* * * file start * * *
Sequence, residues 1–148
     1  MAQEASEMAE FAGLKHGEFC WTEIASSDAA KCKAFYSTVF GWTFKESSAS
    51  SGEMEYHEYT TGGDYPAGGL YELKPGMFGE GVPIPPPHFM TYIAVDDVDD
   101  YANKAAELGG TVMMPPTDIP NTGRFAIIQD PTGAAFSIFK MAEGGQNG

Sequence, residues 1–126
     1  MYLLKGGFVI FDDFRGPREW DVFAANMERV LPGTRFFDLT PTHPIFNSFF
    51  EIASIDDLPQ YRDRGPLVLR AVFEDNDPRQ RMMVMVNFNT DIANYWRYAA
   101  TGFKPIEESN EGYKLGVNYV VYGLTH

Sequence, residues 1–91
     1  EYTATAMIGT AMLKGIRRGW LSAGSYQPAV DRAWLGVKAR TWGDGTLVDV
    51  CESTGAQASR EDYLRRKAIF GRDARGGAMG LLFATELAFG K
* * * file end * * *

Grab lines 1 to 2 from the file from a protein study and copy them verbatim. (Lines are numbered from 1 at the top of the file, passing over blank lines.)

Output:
Sequence, residues 1–148
     1  MAQEASEMAE FAGLKHGEFC WTEIASSDAA KCKAFYSTVF GWTFKESSAS